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iTunes is a great source for music to listen to, but there are technical and perhaps legal hurdles to use it for anything else.

I use iTunes to download music from the iTunes store. I use Windows movie maker to edit my vacation videos. I wish to add music I purchased from iTunes store to my video but I cannot import it because it doesn't recognize mp4 files. What do I need to do to make this work?

There are approaches and I'll cover what they are, but there's another problem with this scenario.

Believe it or not, this might not be legal.

I'm no lawyer, so I'll only mention this as a potential risk: depending on what you plan to do with those videos what you're doing might be a violation of copyright law. If you're turning around and sharing those videos with friends then you are, in effect, making copies of the music that you purchased. That's most likely against the terms under which you purchased it.

I'm not saying "good" or "bad", and I'm not even saying it's right or wrong. I'm just saying it is, and you need to be careful and aware of what you're doing.

All that being said, there are two approaches to doing what you want, one of which is almost certainly in violation of the law no matter what you do with the results.

Convert to MP3 by Burning & Ripping

This involves a little loss of sound quality, but since iTunes allows you to burn your playlist to an audio CD, then you can do the following:

  • Create a playlist in iTunes that contains the song you want to use and any other music, up to about an hour's worth.

  • Use iTunes to burn that play list to an audio CD. This is the kind of CD that will play in any CD player.

  • Now, turn around and use CD ripping software such as CDex to extract the audio off of the CD you just created in mp3 format.

The result is that your music is now available in mp3 format, which your movie editing software should recognize.

"Unfortunately circumventing the DRM is most likely illegal."

Circumvent the DRM

"DRM" is the Digital Rights Management that is used to lock access to the songs in anything other than the approved player and by the owner who has the legal right to.

Unfortunately circumventing the DRM is most likely illegal.

There are several tools listed here that can be used to un-protect protected iTunes music. As is typical with such tools, they're often somewhat obscure, prone to breaking as new versions of iTunes come out and certainly less than polished.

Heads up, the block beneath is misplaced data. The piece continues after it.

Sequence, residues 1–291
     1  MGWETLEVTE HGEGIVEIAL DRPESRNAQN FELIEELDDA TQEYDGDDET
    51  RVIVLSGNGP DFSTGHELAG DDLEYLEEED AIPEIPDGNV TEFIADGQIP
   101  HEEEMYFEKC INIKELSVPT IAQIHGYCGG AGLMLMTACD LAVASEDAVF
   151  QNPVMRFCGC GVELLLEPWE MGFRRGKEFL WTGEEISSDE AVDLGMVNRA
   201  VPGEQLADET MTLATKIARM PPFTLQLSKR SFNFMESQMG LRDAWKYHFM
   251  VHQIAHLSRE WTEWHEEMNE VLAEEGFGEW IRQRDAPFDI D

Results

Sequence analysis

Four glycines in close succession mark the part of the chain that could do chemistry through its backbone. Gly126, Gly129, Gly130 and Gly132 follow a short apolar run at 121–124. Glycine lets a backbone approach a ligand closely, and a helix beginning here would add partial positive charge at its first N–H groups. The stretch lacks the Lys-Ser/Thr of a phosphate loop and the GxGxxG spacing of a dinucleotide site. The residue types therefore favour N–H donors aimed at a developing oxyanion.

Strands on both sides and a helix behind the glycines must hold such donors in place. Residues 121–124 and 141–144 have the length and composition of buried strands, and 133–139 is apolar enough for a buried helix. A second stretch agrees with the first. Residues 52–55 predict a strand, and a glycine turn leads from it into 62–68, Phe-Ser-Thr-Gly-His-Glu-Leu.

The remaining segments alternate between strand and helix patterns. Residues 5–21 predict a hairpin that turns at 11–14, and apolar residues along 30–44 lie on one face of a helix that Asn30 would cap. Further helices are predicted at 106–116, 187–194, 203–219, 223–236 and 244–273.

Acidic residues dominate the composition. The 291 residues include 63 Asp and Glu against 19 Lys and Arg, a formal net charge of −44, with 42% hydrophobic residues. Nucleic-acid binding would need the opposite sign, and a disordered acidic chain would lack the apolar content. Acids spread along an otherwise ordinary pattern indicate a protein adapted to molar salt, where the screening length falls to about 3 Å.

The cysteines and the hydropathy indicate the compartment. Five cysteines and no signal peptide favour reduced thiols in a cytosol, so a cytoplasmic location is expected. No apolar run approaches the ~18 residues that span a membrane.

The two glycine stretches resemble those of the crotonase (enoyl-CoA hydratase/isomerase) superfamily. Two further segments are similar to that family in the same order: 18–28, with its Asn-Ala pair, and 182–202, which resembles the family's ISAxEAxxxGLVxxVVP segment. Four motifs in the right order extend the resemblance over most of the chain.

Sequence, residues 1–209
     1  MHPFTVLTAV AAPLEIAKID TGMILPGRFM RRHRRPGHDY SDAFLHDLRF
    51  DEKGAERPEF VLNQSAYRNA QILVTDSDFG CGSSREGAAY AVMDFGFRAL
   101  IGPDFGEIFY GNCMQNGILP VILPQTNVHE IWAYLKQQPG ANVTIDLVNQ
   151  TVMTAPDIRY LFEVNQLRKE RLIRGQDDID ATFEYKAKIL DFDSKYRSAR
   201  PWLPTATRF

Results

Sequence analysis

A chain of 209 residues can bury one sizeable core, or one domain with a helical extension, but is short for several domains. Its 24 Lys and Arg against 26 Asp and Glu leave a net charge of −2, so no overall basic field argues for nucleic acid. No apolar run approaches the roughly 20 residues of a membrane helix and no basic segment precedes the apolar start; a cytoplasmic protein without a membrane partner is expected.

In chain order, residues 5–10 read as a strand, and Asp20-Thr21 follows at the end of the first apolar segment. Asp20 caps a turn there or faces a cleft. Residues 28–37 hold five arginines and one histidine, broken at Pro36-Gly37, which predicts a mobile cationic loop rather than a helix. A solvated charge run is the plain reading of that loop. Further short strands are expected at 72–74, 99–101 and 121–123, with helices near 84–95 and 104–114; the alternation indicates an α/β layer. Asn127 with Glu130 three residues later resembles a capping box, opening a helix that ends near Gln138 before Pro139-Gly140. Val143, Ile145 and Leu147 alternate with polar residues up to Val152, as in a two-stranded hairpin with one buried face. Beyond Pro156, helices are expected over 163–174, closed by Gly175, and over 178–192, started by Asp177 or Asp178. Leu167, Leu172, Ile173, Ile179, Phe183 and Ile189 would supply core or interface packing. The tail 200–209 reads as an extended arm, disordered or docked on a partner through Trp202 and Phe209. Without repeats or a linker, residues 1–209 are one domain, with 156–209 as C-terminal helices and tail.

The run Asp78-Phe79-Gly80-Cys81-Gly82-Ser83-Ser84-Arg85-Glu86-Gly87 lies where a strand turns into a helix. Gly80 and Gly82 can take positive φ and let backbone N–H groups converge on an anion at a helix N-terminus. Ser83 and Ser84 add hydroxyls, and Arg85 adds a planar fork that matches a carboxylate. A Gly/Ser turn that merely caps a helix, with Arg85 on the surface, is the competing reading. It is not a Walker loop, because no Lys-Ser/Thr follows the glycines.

I'll leave it to you to determine which path you would prefer to take.

The bottom line, though, is that after conversion to mp3 you should - technically - be able to do whatever you want to do with the music you purchased.

Which many feel is the way it should be without having to jump through all those hoops.

Article C3182 - October 15, 2007 « »

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Leo Leo A. Notenboom has been playing with computers since he was required to take a programming class in 1976. An 18 year career as a programmer at Microsoft soon followed. After "retiring" in 2001, Leo started Ask Leo! in 2003 as a place for answers to common computer and technical questions. More about Leo.

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1 Comment
October 21, 2007 2:41 PM

I use a program called Tunebite to accomplish this task. It creates a virtual CD burner so that it rips the music to mp3 files as you play it (in iTunes or by whatever method you play it.) No physical CD is involved. It works great and if you wish it can be set to automatically rip to mp3 any non-mp3 audio file that starts playing on your computer. Note: it is not freeware but if you find you have the need to convert iTunes files to mp3 very often, it may be worth buying the software. Per they write "Tunebite plays your files in the background using High-Speed Digital Dubbing, automatically records them while they are playing, and saves the recordings as unprotected MP3, WMA, OGG or WAV files that can be played on almost any device."

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